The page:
Southern Co. (NYSE: SO) subsidiary Georgia Power and its partners might have to pay more than expected in developing two nuclear units at the Vogtle station in Georgia because the lead vendors are seeking price adjustments due to schedule delays and other issues.
Southern outlined the issue in a May 7 10-Q quarterly report filed with the Securities & Exchange Commission. Georgia Power’s share of the proposed increased costs are set at $400m. A utility spokesperson declined further comment May 14.
The owners of the project are Georgia Power, Oglethorpe Power, the Municipal Electric Authority of Georgia (MEAG) and the City of Dalton, Ga. The chief contractors are part of a consortium that involves Westinghouse and Shaw Group (NYSE: SHAW) subsidiary Stone & Webster. The parties have set up both informal and formal dispute resolution procedures in accordance with the engineering, procurement, and construction agreement for the two 1,100-MW reactors.
During the early development work, issues have arisen that could alter the project budget and schedule. The owners and the consortium have begun negotiations regarding these issues, including the assertion by the consortium that the owners are responsible for these costs under the terms of the Vogtle 3 and 4 agreement.
In preliminary discussions, the consortium has said the estimated adjustment attributable to Georgia Power (based on its ownership interest of almost 46%) is roughly $400m (in 2008 dollars) with respect to these issues, which include an initial estimate of costs for efforts to maintain the projected in-service dates of 2016 and 2017 for Vogtle units 3 and 4, respectively.
Georgia Power has not agreed with the amount of these proposed adjustments or that the owners have responsibility for any costs related to these issues, the utility said in the 10-Q. Georgia Power expects negotiations with the consortium to continue over several months during which time the parties will attempt to reach an acceptable compromise. If that doesn’t happen, then litigation could result.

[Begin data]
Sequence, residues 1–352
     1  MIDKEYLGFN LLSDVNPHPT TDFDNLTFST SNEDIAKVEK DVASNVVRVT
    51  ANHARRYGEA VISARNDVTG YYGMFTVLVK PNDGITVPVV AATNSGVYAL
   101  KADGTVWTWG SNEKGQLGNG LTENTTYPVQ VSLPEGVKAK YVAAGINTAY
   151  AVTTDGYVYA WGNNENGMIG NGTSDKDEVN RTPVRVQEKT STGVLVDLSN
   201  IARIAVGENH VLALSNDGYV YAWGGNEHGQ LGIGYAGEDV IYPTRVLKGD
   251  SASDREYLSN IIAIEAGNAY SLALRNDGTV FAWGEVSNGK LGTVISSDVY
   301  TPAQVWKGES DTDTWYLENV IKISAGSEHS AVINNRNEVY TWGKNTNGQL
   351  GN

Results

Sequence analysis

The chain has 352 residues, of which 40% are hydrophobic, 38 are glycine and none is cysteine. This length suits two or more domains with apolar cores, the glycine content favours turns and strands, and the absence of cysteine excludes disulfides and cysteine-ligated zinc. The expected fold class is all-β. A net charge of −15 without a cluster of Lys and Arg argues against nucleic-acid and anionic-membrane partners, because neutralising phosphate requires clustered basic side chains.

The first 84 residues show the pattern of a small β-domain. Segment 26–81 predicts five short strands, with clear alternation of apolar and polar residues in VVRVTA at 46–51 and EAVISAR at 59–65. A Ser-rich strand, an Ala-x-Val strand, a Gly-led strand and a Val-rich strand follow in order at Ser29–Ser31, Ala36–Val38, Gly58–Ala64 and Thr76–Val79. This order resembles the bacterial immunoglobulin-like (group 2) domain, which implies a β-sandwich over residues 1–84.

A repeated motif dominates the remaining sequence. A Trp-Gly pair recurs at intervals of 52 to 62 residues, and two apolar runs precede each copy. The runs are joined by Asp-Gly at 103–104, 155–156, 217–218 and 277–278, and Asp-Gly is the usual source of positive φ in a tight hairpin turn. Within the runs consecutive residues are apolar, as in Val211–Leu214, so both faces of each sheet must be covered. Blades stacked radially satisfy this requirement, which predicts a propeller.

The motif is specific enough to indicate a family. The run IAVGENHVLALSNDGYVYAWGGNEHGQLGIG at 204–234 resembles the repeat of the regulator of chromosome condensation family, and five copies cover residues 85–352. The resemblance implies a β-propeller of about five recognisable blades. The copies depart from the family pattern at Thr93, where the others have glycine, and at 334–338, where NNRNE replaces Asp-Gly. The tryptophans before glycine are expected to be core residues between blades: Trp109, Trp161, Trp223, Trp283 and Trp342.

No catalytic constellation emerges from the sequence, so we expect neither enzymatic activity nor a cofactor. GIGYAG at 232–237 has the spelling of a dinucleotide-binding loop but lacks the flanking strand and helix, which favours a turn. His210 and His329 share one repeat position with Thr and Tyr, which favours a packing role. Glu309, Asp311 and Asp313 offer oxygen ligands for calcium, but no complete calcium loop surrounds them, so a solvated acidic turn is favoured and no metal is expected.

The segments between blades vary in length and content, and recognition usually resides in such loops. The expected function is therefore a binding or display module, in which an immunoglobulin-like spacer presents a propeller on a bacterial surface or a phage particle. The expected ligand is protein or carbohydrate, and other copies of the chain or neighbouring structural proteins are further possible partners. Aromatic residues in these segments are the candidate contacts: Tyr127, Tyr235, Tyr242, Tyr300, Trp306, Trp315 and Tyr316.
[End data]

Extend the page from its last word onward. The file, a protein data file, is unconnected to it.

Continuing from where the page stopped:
Georgia Power and its partners got their combined construction and operating licenses (COL) from the Nuclear Regulatory Commission (NRC) in February for Vogtle units 3 and 4. Groups opposing the new nuclear units subsequently filed legal challenges to both the NRC combined license and the NRC’s approval of the Westinghouse AP 1000 reactor design scheduled to be used at the plant. The groups also want the U.S. Court of Appeals for the D.C. Circuit to stay the effectiveness of the new NRC licenses until the appeal is heard.
Georgia Power has filed a motion to intervene and intends to vigorously contest these petitions, the company said in the filing. In 2009, Georgia’s governor signed into law the Georgia Nuclear Energy Financing Act that allows Georgia Power to recover financing costs for nuclear construction projects by including the related construction work in progress (CWIP) accounts in rate base during the construction period. With respect to Vogtle units 3 and 4, this legislation allows Georgia Power to recover projected financing costs of approximately $1.7bn during the construction period beginning in 2011, which reduces the projected in-service cost to roughly $4.4bn.